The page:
Of all the communities that this could have happened to, I mourn that it happened to you. San Bernardino is a community full of wonderful and loving people, but I am aware of the struggles that you faced even before this latest tragedy occurred, extreme poverty, homelessness and violence among them. Yesterday was just one more burden for this beloved community of God. May God be compassionate towards the families and community of San Bernardino.
Yesterday, San Bernardino joined the 354 other communities in this country that just this year have also experienced the deadly trauma of such violence. The impact of gun violence in this country is like a dark wave that is spreading its reach throughout the land.
But brothers and sisters, we do not need to receive the cruel wave of violence that has reached even this community as a given, as just the way things are, or as the new normal. You and I can give witness to the higher values of love for neighbor and peace rather than violence.
I do not know why this shooting occurred yesterday in San Bernardino. What I do know is that you and I can make a difference going forward. We must act with compassion and strive for justice. Let us continue to pray for the victims and their families. Let us pray for the perpetrators and their families with special prayers for that baby that was left behind because of the violence of its parents. Let us pray for this community in the shattering of its safety. Let us pray with grateful hearts for the first responders – police officers, emergency medical teams, doctors and nurses among others.
We must also strive for justice. It is abundantly clear that we must advocate for gun control in this country. We must proactively teach all our children how to live lives of love and peace, rather than hate and violence. We must hold each other accountable for respecting the sacred worth of each God-given life. And, we must seek to root out and respond to the causes of the violence our communities are suffering here in San Bernardino, across this country and around the world.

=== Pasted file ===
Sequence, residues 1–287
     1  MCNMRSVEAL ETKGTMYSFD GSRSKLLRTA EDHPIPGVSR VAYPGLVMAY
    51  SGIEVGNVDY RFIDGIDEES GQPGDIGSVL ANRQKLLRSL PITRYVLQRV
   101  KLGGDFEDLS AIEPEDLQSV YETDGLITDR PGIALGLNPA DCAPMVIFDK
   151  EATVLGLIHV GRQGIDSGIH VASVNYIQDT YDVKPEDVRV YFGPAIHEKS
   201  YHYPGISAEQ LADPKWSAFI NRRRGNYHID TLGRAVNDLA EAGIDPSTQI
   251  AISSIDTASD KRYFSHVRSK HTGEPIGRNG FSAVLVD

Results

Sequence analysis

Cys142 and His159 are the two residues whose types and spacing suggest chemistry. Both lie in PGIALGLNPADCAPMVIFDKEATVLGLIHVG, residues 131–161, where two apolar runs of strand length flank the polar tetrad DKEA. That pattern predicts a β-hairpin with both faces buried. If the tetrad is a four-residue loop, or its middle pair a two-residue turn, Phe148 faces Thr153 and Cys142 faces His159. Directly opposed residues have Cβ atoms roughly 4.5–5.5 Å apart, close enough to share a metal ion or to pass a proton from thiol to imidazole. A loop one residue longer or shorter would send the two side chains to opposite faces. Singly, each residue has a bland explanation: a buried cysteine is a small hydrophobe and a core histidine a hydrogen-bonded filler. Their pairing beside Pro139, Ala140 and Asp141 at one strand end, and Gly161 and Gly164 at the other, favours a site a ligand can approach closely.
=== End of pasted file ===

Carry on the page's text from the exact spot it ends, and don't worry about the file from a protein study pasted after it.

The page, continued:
We do know that the human tendency to bend towards sin, religious discrimination, some born of religious fundamentalism, racism, and economic poverty, are some of the root causes of the violence we see around us and that we are called to respond to. Friends, I am praying that come tomorrow, we will arise and face the day and the challenges that plague this community knowing that God is with us. God is with you!
Our praying together this night is a response that I believe makes a difference. In darkness we all need to hear a word of light and hope. As people of Judeo-Christian faith we believe in the words of Lamentations. God’s mercy and loving compassion are always with us, especially in our suffering and in our death. God never fails us. Without a doubt, tomorrow morning we will experience God’s mercy and compassion and faithfulness anew. It is why we place our hope in God. And so we pray confidently together that God who is ever faithful will extend mercy and compassion to all who suffer this night because of the violence that has come to San Bernardino. Let us also pray that God will prepare us to more fully live lives of compassion and justice.
I do want to share with you that persons around the world are praying for this beloved community. We have been receiving calls, texts and emails from all over the world. Persons praying with us even now have expressed love and care for you, and extended their commitment to be in prayer for you in the days to come. You are being held in the hearts of many. Above all, I believe that you are being held in the very palm of God’s hand; God whose tender heart hurts this night with you. This same God will strengthen you and bring healing to your hearts.
This statement was originally delivered at the San Bernardino Prayer Vigil on Thursday, December 3, 2015 at St. Paul’s United Methodist Church of San Bernardino.
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